Oil slick ‘may hit Florida coast’

Oil is cleaned from a pelican at the Fort Jackson Wildlife Rehabilitation Center in Buras, Louisiana, 15 May

US Homeland Security Secretary Janet Napolitano is due to testify on the federal government’s response to the oil spill in the Gulf of Mexico.

BP’s Lamar McKay will also appear before the Senate Committee on Homeland Security and Governmental Affairs.

Oil has been spewing into the Gulf since BP’s Deepwater Horizon rig exploded on 20 April.

US President Barack Obama has described it as a "potentially unprecedented" environmental disaster.

Senator Joseph Lieberman, chair of the committee, said it had "lots of questions" to ask Ms Napolitano and Mr McKay, BP America’s chairman, about what happened.

Mr McKay was among oil industry executives called to Congressional hearings last week, but this is the first time Congress will have an opportunity to question a senior Obama administration official about the government’s handling of the crisis.

Coast Guard Rear Admiral Peter Neffenger will also testify about the authorities’ response.

Compensation claims

BP said on Monday it was managing to funnel the equivalent of 1,000 barrels a day of oil from the blown well to a tanker ship with the use of a mile-long tube.


That would amount to a fifth of the estimated daily spill of 5,000 barrels – an estimate made by the Coast Guard and BP, but increasingly challenged by other experts as being too small.

"This is just containing the flow, later this week, hopefully before the end of the week, we’ll make our next attempt to actually fully stop the flow," BP Chief Operating Officer Doug Suttles told NBC’s Today programme.

BP finally managed to insert the tube into the leaking pipe, using underwater robots, on Sunday at the third attempt.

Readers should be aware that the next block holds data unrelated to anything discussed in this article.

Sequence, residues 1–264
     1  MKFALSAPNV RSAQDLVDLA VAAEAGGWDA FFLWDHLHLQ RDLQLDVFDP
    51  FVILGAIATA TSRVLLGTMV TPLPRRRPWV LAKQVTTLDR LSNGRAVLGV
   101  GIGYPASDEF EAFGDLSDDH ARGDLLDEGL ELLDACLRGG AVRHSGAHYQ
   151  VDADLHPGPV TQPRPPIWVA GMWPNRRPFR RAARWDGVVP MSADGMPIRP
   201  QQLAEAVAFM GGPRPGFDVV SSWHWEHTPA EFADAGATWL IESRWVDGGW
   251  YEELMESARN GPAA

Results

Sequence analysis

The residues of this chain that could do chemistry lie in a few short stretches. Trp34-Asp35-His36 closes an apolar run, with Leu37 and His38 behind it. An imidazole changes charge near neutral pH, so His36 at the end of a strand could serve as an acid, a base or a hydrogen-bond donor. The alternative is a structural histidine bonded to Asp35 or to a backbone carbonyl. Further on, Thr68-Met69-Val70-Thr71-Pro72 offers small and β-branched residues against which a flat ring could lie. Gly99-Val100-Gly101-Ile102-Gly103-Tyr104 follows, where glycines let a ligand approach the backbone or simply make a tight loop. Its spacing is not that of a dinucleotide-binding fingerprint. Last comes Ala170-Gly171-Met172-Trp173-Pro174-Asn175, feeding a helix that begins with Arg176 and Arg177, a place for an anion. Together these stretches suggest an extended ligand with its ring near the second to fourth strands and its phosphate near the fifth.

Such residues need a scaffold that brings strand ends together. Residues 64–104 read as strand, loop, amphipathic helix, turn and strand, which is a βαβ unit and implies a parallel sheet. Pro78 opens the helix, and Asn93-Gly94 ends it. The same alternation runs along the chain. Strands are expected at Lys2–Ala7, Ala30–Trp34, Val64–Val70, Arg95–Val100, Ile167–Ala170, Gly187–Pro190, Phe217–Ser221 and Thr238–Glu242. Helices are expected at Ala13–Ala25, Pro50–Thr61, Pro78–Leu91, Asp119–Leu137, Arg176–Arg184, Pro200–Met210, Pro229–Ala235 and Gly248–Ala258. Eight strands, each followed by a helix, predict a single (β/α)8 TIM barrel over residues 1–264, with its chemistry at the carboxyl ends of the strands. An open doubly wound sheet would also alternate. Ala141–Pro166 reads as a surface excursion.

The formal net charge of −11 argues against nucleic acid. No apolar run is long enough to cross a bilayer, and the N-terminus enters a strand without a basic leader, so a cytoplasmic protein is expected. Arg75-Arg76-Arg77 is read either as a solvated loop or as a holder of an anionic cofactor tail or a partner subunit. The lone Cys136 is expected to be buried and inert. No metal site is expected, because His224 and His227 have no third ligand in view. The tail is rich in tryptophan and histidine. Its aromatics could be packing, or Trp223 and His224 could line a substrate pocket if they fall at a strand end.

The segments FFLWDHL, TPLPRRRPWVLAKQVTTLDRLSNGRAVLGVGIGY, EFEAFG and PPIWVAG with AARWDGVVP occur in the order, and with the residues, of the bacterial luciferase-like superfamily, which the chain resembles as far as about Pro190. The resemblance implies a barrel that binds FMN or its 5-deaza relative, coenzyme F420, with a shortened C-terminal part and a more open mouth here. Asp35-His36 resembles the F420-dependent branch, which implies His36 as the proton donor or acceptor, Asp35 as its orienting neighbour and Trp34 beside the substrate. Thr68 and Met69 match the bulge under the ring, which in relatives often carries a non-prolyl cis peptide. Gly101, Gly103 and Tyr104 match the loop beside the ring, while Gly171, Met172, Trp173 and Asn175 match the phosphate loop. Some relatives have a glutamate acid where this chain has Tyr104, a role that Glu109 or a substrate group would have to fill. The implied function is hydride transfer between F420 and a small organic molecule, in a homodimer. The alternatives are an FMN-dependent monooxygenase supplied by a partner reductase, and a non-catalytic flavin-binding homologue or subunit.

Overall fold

But, in a joint statement, Ms Napolitano and Secretary of the Interior Ken Salazar said the latest technique was "not a solution to the problem and it is not yet clear how successful it may be".

It added: "We will not rest until BP permanently seals the well head, the spill is cleaned up, and the communities and natural resources of the Gulf Coast are restored and made whole."

BP also said on Monday it had received 15,000 claims for compensation, and had already paid out on 2,500 claims. It reinterated it would pay all "legitimate claims".

Over the weekend, Ms Napolitano and Mr Salazar had called for "immediate public clarification" from BP over its intentions about paying clean-up costs.

Current US law limits energy companies’ liability for lost business and local tax revenues from oil spills to $75m.

But experts warn that BP’s total liability for the spill could run into billions of dollars.

Lurking slicks

Scientists said on Sunday they had found vast underwater plumes of oil, one 10 miles (16km) long and a mile wide, lending weight to the fears of those who believe the actual spill could be many times greater than the estimate of 5,000 barrels daily.

Researchers from the National Institute for Undersea Science and Technology said they had detected the slicks lurking just beneath the surface of the sea and at depths of 4,000ft (1,200m).

Samantha Joye, a marine science professor at the University of Georgia, said: "It could take years, possibly decades, for the system to recover from an infusion of this quantity of oil and gas.

"We’ve never seen anything like this before. It’s impossible to fathom the impact."

Chemical dispersants BP has been dumping underwater may be preventing the oil from rising to the top of the ocean, the scientists said.

The find suggests the scale of the potential environmental disaster is much worse than previously feared since the rig blew up, killing 11 workers.

Some scientists cast doubt on BP’s estimate of the oil flow rate, saying the widely repeated figure of 5,000 barrels per day dramatically understates the real amount.

A week ago, BP tried to cap the well with a 100-tonne box but gave up after it became encrusted with ice crystals.

Mississippi has become the third US state to have traces of oil wash up on its coast, along with Louisiana and Alabama.

The spill is threatening to eclipse the 1989 Exxon Valdez leak off Alaska as America’s worst environmental disaster.


This article is from the BBC News website. © British Broadcasting Corporation, The BBC is not responsible for the content of external internet sites.

Leave a Reply

Your email address will not be published. Required fields are marked *